On Exhibit

Women's Caucus for Art chapter launches


The year 2020 marked an important centennial anniversary: The passing of the 19th Amendment that allowed American women the right to vote. 

For artist and UNCW instructor ANDI STEELE, the 100th anniversary of this milestone inspired the idea for the current gallery exhibit through the university’s Cultural Arts Building called XX: Women 2020.

“There were so many important subjects brought up in the year 2020,” says BILLY-GRAY WEATHERLY (above), director of the CAB Art Gallery. “We wanted to get a woman’s perspective on the year and reactions to the events that were happening.”

The virtual exhibit (click here to view the exhibit online) opened in late January and will be online until February 19. Although the opening was originally slated for late 2020, the date was postponed in hopes that the University of North Carolina Wilmington gallery would be open to visitors again. As of press time, however, the gallery was still closed due to COVID-19 restrictions.

But, the breadth and diversity of the exhibit’s artwork have not changed. The collection features a variety of self-identified women artists in a variety of mediums.

XX: Women 2020 coincides with the launch of WCACarolinas, a regional chapter of the Women’s Caucus for Art open to both North Carolina and South Carolina artists. To the best of Steele and Weatherly’s knowledge, this is the only chapter in the state of the national group.

“A group of local artists and myself had come together to start the regional chapter,” Steele says. “This show (is) our inaugural exhibit … That’s where it all started.”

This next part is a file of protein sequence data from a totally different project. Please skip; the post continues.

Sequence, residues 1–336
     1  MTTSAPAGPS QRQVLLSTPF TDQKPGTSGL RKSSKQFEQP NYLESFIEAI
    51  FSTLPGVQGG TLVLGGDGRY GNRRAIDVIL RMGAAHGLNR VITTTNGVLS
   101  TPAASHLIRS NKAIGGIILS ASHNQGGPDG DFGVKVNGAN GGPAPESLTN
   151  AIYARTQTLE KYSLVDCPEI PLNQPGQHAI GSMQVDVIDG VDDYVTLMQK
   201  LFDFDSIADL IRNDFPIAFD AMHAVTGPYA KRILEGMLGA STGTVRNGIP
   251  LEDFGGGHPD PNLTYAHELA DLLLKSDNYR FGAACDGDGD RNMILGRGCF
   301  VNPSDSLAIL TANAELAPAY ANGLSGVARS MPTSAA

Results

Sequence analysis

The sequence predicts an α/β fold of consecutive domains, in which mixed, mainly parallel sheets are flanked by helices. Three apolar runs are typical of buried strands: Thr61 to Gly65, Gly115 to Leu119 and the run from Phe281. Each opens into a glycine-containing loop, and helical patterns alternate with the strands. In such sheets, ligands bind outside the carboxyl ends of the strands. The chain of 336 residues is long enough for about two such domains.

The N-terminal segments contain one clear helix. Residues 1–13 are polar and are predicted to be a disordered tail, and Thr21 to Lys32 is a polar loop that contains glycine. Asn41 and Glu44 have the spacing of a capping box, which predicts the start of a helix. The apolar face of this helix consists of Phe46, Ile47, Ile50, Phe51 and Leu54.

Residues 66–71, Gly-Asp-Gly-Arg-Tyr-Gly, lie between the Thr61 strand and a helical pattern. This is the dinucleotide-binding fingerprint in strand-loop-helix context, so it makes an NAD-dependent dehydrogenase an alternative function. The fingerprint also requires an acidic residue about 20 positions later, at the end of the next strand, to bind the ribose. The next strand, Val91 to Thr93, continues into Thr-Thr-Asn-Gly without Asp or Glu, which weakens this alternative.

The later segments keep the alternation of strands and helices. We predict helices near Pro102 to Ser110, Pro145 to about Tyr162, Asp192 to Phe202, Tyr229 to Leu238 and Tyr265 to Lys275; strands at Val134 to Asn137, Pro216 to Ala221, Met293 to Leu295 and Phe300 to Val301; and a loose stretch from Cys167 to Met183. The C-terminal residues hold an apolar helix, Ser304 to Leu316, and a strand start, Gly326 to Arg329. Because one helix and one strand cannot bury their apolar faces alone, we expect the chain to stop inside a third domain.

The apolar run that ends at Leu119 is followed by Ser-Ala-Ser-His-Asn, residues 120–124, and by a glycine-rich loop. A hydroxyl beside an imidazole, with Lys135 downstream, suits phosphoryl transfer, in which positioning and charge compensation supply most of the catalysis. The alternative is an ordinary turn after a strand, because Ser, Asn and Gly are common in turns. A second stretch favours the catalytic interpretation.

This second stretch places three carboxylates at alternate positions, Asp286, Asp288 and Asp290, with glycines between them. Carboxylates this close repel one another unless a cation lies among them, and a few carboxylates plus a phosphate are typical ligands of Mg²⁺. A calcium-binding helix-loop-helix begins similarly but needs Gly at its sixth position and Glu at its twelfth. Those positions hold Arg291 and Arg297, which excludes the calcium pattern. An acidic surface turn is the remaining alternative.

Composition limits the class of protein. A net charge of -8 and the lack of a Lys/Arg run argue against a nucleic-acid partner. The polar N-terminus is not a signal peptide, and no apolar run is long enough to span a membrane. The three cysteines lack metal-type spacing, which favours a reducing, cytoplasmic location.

The purpose of the Women’s Caucus for Art is to support women artists in many ways. 

“Our chapter is brand new,” Steele says, “but some of our goals are exhibit opportunities, to take advantage of the virtual world we’re living in right now, do some virtual events, do some sharing of work (such as) virtual critiques … Really it’s a way for artists to network.”

Once the chapter is more established, Steele says they will also be focusing on another important component of the WCA mission: activism.

The exhibit serves as a way to promote WCACarolinas, which officially incorporated last summer. All exhibit artists are chapter members (becoming so either before or after applying to be included in the show).

Contemporary artist and Duke University professor BEVERLY MCIVER, who produces art that examines racial, gender, social, and occupational identities, served as the juror of the exhibit’s applicants. Weatherly estimated that there were about twenty-eight applicants who entered multiple selections. In the end, seventeen artists were accepted for a show of about twenty-five pieces, including photography, paintings, fiber work, and more. 

“We left the criteria up to her (McIver),” Weatherly explains. “Whatever she saw would speak to what she knows the show is about.”

Both Weatherly and Steele described the final selections as “striking.”

The accepted work has been curated on a website called Exhibbit. The virtual gallery link is posted on the UNCW Cultural Arts Building gallery social media pages and website (uncw.edu/cabartgallery), as well as the social sites for the WCACarolinas chapter.

For more information about the WCACarolinas, contact Steele at wcancsc@gmail.com. For more information about the exhibit, contact Weatherly at weatherlyb@uncw.edu.

To view more of photographer Terah Wilson’s work, go to terahwilson.com.

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Categories: Culture